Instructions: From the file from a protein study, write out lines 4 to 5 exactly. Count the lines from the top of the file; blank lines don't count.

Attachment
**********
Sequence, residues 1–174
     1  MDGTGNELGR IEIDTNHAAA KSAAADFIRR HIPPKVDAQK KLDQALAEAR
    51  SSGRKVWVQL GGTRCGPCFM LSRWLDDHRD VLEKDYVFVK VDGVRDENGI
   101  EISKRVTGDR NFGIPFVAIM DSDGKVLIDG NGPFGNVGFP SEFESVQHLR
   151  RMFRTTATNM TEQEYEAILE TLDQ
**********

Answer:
   101  EISKRVTGDR NFGIPFVAIM DSDGKVLIDG NGPFGNVGFP SEFESVQHLR
   151  RMFRTTATNM TEQEYEAILE TLDQ